At a bankruptcy hearing Feb. 19 in Jackson regarding the Evans commercial real estate fraud case, Judge Neil Olack ruled that land would be sold to generate money and federal proceedings would continue despite Mississippi Valley Title’s request to hold off until its chancery court suit could be transferred to Olack’s court.
Olack also said that the case would be tried for one week beginning Oct. 25.
Debtor Chris Evans and his brother, Charles H. Evans Jr., are accused of being partners in what may be the largest commercial real estate fraud in Mississippi history. In the Evans brothers alleged loan-stacking Ponzi scheme, commercial real estate was used as the investment and banks were used as investors. Charles H. Evans Jr. was an approved attorney for Madison-based Mississippi Valley Title Insurance Company (MVT), which filed the first lawsuit in Madison County Chancery Court in September. Proceedings were moved to federal bankruptcy court in October when Chris Evans filed for bankruptcy, which stayed state chancery actions.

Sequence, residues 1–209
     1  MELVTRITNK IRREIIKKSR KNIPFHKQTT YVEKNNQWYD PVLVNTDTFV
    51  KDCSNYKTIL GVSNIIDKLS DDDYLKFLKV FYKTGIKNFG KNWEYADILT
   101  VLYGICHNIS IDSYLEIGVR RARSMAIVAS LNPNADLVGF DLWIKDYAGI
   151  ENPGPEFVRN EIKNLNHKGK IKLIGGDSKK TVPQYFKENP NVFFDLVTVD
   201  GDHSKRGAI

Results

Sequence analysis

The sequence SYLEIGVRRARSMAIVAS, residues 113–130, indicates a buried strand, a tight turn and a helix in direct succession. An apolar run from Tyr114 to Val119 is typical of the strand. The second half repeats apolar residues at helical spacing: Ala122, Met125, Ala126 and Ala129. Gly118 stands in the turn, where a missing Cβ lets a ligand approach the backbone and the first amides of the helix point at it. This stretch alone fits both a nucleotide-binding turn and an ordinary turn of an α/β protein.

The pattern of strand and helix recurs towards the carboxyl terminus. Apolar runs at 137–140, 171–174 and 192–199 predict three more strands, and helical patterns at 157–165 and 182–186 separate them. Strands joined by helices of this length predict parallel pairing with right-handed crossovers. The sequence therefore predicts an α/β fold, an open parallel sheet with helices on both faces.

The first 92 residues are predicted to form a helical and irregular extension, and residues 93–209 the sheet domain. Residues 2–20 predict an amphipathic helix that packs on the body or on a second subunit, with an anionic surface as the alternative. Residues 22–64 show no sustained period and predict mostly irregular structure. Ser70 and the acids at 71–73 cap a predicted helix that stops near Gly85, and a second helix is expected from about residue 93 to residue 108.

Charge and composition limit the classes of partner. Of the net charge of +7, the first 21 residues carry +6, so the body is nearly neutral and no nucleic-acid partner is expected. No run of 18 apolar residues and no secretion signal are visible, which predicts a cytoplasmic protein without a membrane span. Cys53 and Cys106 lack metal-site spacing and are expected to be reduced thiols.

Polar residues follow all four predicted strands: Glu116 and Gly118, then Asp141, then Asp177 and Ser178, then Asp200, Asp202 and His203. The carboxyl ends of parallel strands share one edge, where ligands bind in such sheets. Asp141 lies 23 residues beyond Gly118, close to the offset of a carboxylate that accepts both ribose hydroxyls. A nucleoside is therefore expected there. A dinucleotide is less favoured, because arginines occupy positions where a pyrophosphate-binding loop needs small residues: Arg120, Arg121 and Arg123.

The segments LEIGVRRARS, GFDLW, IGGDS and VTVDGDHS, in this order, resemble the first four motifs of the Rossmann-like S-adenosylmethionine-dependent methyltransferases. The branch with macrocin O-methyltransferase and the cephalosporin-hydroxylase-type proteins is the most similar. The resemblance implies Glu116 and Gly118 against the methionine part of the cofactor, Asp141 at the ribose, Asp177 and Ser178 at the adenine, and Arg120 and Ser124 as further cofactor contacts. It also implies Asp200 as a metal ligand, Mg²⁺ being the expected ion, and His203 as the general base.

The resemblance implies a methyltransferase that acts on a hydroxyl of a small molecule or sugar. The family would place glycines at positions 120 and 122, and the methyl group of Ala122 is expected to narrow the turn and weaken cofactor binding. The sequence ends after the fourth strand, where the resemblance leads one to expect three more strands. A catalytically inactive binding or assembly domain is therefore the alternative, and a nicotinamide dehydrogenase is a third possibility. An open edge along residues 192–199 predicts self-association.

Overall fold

Trustee Derek Henderson filed a motion to sell tracts of land free and clear of lien. MVT and Banks, which are in dispute over who has first lien position over various divided tracts, objected.
Henderson said he was “between the chicken and the egg” on what he ought to be first in the process of selling the land, or collateral.
He gave the example of a 38-acre tract on Highland Colony Parkway in Madison purchased by Chris Evans in 2003 through his company Old Agency Business Park Inc. The large tract was divided into “slivers,” all of which do not have access to the parkway. Selling them individually might negatively affect the value of the property, he said.
Henderson said he also wasn’t sure if the court should determine which companies have equitable liens on properties in dispute before he sold them. He gave the example of a sliver of property for which a bank had a valid deed of trust and $200,000 or $300,000 of equity in its loan. Yet for the same property, two other banks had deeds of trust without title and were competing equitable lien claim holders. Henderson asked if he could sell the property without the consent of the other two lien holders.